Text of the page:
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Bin Laden's death may have little impact on war, terror threat

By Tom Watkins, CNN
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Is al Qaeda dead?
STORY HIGHLIGHTS
  • In Afghanistan, "all the issues that divide the ethnic groups are still there,"
  • "His legacy is at least hundreds of thousands of dead people, the vast majority of whom were Muslims"
  • Over the long term, "I think his death is irrelevant," said Boston University professor

(CNN) -- While al Qaeda leader Osama bin Laden may have provided the impetus for the 2001 U.S.-led invasion of Afghanistan, whose Taliban-led government was harboring him, his death may have little impact on the continuing course of the war or on the continuing threat of terrorism, analysts said Monday.

"If the core issue was the Taliban fighting for the right to protect Osama bin Laden as their honored guest, then a big part of the war goes away," said Frank Anderson, who served as chief of the CIA's Afghan Task Force from 1991-95 and currently serves as president of the Middle East Policy Council in Washington. But if the core issue has morphed into a civil war or a war between ethnic Afghans against a foreign military force, then little has changed, he said. "All the issues that divide the ethnic groups are still there."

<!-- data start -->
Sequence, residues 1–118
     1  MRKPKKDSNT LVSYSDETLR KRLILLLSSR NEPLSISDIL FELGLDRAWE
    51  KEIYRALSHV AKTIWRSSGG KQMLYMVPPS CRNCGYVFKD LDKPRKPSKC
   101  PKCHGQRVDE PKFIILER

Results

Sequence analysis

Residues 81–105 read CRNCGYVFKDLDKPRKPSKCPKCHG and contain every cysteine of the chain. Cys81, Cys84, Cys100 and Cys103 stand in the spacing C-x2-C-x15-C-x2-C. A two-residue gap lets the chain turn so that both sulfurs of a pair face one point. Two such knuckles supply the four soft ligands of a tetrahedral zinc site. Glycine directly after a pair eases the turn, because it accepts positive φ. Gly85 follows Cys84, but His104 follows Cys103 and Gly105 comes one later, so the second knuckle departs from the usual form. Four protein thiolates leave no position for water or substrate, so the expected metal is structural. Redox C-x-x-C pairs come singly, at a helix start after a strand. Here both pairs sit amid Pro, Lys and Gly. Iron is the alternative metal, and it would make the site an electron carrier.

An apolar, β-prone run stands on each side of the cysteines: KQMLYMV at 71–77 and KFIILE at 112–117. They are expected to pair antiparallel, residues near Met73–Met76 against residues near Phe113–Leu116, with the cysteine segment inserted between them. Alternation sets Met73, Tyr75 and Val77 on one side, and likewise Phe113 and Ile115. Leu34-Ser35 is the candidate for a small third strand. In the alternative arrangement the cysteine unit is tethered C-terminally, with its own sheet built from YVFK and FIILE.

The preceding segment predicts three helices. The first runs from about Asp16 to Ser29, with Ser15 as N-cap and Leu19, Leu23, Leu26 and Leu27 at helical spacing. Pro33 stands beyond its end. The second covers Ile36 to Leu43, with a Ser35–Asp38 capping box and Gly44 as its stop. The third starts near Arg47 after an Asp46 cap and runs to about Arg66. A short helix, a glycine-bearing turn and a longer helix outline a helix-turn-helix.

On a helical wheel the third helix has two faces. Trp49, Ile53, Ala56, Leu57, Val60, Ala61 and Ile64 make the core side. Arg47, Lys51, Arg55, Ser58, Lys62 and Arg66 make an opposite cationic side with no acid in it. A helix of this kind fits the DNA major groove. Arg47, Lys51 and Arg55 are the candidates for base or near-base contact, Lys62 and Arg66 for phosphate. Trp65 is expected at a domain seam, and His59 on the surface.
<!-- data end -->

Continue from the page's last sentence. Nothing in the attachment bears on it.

Inside the raid that killed Osama bin Laden Video

Anderson predicted that bin Laden's death will result in an immediate, short-term spike in motivation among his followers to carry out more terrorist attacks, but said any such spike will likely be short-lived as the information found in bin Laden's house leads investigators to track down other terrorists.

Anderson noted that bin Laden's influence was tough to find in the spawning of the "post-Islamist, post-radical, nationalist and post-imperialist narrative" that spread this spring across the Arab and Islamic world.

"What we have is a growing population or political awareness that doesn't care any more about those narratives," Anderson said. "That's a whole lot more significant than whether or not bin Laden's holed up in a windowless building in Pakistan."